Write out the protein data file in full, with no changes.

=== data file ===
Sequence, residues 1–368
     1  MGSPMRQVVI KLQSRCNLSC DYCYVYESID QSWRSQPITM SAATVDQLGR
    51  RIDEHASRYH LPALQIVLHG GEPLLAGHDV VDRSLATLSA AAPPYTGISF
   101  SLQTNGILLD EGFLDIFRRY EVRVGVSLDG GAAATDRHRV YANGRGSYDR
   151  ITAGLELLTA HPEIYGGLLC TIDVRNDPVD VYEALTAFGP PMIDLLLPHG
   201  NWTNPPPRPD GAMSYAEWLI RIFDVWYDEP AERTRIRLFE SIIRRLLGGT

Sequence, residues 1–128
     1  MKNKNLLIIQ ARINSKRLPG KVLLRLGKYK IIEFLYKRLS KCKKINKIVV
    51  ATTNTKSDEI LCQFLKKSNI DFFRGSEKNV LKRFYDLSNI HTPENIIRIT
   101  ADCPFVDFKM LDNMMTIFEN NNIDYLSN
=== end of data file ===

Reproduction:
Sequence, residues 1–368
     1  MGSPMRQVVI KLQSRCNLSC DYCYVYESID QSWRSQPITM SAATVDQLGR
    51  RIDEHASRYH LPALQIVLHG GEPLLAGHDV VDRSLATLSA AAPPYTGISF
   101  SLQTNGILLD EGFLDIFRRY EVRVGVSLDG GAAATDRHRV YANGRGSYDR
   151  ITAGLELLTA HPEIYGGLLC TIDVRNDPVD VYEALTAFGP PMIDLLLPHG
   201  NWTNPPPRPD GAMSYAEWLI RIFDVWYDEP AERTRIRLFE SIIRRLLGGT

Sequence, residues 1–128
     1  MKNKNLLIIQ ARINSKRLPG KVLLRLGKYK IIEFLYKRLS KCKKINKIVV
    51  ATTNTKSDEI LCQFLKKSNI DFFRGSEKNV LKRFYDLSNI HTPENIIRIT
   101  ADCPFVDFKM LDNMMTIFEN NNIDYLSN